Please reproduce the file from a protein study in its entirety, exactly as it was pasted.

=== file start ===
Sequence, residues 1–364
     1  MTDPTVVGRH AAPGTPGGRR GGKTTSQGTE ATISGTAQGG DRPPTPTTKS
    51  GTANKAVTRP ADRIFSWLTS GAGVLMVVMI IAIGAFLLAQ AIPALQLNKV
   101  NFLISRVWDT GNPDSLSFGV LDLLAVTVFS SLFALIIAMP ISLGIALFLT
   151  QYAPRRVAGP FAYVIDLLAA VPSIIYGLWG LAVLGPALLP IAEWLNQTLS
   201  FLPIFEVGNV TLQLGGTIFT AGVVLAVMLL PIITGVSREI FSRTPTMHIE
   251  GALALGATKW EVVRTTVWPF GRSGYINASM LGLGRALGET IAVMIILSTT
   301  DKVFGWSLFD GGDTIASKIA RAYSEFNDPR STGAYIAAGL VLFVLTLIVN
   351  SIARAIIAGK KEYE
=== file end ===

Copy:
Sequence, residues 1–364
     1  MTDPTVVGRH AAPGTPGGRR GGKTTSQGTE ATISGTAQGG DRPPTPTTKS
    51  GTANKAVTRP ADRIFSWLTS GAGVLMVVMI IAIGAFLLAQ AIPALQLNKV
   101  NFLISRVWDT GNPDSLSFGV LDLLAVTVFS SLFALIIAMP ISLGIALFLT
   151  QYAPRRVAGP FAYVIDLLAA VPSIIYGLWG LAVLGPALLP IAEWLNQTLS
   201  FLPIFEVGNV TLQLGGTIFT AGVVLAVMLL PIITGVSREI FSRTPTMHIE
   251  GALALGATKW EVVRTTVWPF GRSGYINASM LGLGRALGET IAVMIILSTT
   301  DKVFGWSLFD GGDTIASKIA RAYSEFNDPR STGAYIAAGL VLFVLTLIVN
   351  SIARAIIAGK KEYE